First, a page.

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Sometimes Late Starts are the Best Starts of All

Kathryn Kay

Interview with Kathryn Kay, author of The Gilder.

Sometimes, late starts are the best starts of all. For Nantucketer Kathryn Kay, whose first novel, The Gilder, was published in 2012 when Kathryn was 58 years old, this is especially true.

"I finished my undergrad degree at age 40, and then went on to participate in a low-residency MFA writing program at Vermont College of Fine Arts to get a Masters in fiction writing".

Low residency writing programs are designed for writers who may already have full time jobs and family responsibilities and do not require physically being in campus classrooms, as in traditional degree programs. Kathryn revised and worked on a story she had written as an undergrad a Lesley College in Boston, and decided it might make a unique novel. The story, loosely based on Kathryn's own experiences living for a time in Florence, Italy, learning the craft of gilding, lay in various stages of drafts in her writing studio in Nantucket for close to ten years.

"Finally, one winter day, I decided I had to either finish it, or abandon it. I had about eighty pages left to write, so I set a goal of five pages a day until it was done".

With the help of Nancy Thayer, Kathryn found an agent for the book, then a publisher, and in the fall of 2010, a box of beautifully printed books arrived on the front porch of her home on the Polpis road.

"The feeling of initially holding the book, the real thing, in my hands was just overwhelming".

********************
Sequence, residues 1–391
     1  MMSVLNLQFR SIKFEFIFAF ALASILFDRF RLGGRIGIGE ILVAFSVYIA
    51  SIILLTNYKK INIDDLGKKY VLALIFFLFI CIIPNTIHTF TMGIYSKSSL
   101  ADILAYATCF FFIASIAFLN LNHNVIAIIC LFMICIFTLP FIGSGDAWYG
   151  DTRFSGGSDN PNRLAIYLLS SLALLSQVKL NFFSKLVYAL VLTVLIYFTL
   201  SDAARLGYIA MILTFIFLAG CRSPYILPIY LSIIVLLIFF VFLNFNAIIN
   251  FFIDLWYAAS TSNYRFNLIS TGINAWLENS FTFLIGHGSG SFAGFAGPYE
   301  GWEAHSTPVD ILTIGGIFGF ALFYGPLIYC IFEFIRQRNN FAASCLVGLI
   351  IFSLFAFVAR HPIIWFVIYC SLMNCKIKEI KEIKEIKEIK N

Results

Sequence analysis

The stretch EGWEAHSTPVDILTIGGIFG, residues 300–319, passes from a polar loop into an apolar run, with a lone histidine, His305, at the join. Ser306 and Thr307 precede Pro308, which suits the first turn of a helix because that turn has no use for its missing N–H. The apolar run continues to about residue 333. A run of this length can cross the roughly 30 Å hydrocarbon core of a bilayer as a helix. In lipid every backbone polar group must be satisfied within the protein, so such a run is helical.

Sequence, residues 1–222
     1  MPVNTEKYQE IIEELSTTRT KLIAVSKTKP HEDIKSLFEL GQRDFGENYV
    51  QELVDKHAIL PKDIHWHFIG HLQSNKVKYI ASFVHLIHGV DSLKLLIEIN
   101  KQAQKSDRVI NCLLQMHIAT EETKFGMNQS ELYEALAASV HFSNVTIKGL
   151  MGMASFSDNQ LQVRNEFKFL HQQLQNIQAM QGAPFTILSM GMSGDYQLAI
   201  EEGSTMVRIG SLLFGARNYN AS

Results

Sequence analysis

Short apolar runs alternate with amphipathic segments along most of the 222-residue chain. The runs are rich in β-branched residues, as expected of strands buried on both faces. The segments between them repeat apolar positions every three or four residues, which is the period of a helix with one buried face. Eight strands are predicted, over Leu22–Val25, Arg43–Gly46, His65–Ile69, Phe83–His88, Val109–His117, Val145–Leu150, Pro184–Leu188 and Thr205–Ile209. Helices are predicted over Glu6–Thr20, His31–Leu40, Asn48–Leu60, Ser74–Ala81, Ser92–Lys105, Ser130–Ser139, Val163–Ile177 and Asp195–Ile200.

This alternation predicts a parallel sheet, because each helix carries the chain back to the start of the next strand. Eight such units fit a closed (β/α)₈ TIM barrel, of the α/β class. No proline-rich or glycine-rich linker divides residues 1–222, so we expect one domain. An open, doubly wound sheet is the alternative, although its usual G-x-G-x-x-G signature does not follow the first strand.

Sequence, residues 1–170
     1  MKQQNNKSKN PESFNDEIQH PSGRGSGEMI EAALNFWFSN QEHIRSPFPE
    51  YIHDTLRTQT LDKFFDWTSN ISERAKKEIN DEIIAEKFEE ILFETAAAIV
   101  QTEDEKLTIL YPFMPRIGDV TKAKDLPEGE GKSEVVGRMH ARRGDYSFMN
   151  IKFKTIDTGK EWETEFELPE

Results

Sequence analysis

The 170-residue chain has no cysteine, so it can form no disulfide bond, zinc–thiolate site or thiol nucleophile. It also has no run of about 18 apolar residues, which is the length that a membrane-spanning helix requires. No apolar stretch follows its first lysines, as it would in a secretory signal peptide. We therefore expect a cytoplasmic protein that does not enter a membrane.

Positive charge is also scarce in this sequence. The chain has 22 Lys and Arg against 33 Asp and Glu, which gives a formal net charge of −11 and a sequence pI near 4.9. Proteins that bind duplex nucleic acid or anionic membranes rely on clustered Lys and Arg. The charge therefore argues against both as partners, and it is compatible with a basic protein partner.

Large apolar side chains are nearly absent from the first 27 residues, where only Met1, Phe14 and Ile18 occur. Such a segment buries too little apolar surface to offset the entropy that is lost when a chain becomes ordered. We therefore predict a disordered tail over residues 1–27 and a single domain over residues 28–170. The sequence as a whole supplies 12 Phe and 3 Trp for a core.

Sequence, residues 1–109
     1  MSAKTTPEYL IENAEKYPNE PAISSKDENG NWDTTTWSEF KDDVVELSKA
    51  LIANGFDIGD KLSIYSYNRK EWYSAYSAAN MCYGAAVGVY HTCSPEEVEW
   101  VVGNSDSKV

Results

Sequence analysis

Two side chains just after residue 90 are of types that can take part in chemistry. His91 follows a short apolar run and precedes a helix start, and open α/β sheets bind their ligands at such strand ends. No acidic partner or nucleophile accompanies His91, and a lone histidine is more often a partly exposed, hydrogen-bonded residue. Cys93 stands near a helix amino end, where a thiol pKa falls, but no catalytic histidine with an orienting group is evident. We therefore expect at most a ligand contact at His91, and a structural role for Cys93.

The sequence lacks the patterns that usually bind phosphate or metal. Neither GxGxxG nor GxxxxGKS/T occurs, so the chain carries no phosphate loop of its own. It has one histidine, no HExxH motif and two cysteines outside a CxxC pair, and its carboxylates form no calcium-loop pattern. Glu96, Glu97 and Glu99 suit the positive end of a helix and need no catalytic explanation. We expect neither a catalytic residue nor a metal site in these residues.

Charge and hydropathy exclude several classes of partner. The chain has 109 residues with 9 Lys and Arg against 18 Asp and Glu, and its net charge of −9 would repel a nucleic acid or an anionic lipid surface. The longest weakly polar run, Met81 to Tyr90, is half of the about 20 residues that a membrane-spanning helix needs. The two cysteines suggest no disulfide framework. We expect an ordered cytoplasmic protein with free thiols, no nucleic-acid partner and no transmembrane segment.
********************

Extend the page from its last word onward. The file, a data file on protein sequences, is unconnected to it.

The arduous process of promoting the book began, taking Kathryn and her husband, Robert, up and down both the East and West Coasts during the winter of 2012, promoting the book with readings and author signings in bookstores and  book clubs, both large and small.

"I am a private and solitary person", Kathryn says, "most writers are. So I wasn't sure how I would react to being in the public eye, but to my surprise, I really took to it".

"In fact", she said, "every single reading was a wonderful experience", whether there was two or 62 people in attendance".

Kathryn said she felt overwhelming gratitude for the warmth and encouragement expressed by fans of the book.

Now, home in Nantucket, Kathryn is focused on being a grandmother, beginning research on another book, and leading writing classes for women at her Nantucket Writers Studio, housed in the charming guest cottage on her property, where she offers a "smorgasbord of writing exercises for all genres".

Before The Gilder was published, Kathryn was very involved in bringing Boston's Grub Street Writing Center's Memoir Project to Nantucket (which I wrote about here). The results were cumulated into a lovely book called Little Grey Island, encapsulating twenty mini-memoirs from Nantucket residents and wash-a-shores -- stories of their childhoods, some reaching back into the early 20th century, of growing up and growing old on-Island. The book could have a Volume Two, if the project finds a Nantucket home this year, and some help running it.

"I am hoping this all happens organically", she said.

In the meantime, please look for Kathryn Under-The-Tent at the Nantucket Book Festival, June 21-23, where she will be selling and signing her intriguing story, The Gilder

Ryder S. Ziebarth, a freelance writer, was most recently published in the Metropolitan Diary section in the New York Times,  Brevity, a flash- nonfiction literary journal, N magazine and among other publications. Here are her other interviews with 2013 Nantucket Book Festival authors Ann Leary, Nat Philbrick, Nancy Thayer and Bob Barsanti.